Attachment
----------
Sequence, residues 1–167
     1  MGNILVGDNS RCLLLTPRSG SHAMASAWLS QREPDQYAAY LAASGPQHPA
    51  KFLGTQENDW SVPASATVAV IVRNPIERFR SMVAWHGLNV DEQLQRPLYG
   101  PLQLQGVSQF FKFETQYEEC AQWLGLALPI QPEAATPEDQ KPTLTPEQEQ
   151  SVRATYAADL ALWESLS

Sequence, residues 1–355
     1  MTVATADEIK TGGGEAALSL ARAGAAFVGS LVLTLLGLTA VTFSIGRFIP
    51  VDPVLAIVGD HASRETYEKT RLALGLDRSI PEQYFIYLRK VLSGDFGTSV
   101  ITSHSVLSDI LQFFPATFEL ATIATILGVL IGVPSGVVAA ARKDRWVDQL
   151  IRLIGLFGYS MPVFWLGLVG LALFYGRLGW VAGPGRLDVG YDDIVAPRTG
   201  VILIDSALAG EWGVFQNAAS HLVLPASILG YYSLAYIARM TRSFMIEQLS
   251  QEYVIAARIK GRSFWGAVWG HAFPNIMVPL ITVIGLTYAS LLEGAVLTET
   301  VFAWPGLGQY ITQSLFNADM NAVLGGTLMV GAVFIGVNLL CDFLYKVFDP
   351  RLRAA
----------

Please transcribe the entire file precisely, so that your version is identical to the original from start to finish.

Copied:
Sequence, residues 1–167
     1  MGNILVGDNS RCLLLTPRSG SHAMASAWLS QREPDQYAAY LAASGPQHPA
    51  KFLGTQENDW SVPASATVAV IVRNPIERFR SMVAWHGLNV DEQLQRPLYG
   101  PLQLQGVSQF FKFETQYEEC AQWLGLALPI QPEAATPEDQ KPTLTPEQEQ
   151  SVRATYAADL ALWESLS

Sequence, residues 1–355
     1  MTVATADEIK TGGGEAALSL ARAGAAFVGS LVLTLLGLTA VTFSIGRFIP
    51  VDPVLAIVGD HASRETYEKT RLALGLDRSI PEQYFIYLRK VLSGDFGTSV
   101  ITSHSVLSDI LQFFPATFEL ATIATILGVL IGVPSGVVAA ARKDRWVDQL
   151  IRLIGLFGYS MPVFWLGLVG LALFYGRLGW VAGPGRLDVG YDDIVAPRTG
   201  VILIDSALAG EWGVFQNAAS HLVLPASILG YYSLAYIARM TRSFMIEQLS
   251  QEYVIAARIK GRSFWGAVWG HAFPNIMVPL ITVIGLTYAS LLEGAVLTET
   301  VFAWPGLGQY ITQSLFNADM NAVLGGTLMV GAVFIGVNLL CDFLYKVFDP
   351  RLRAA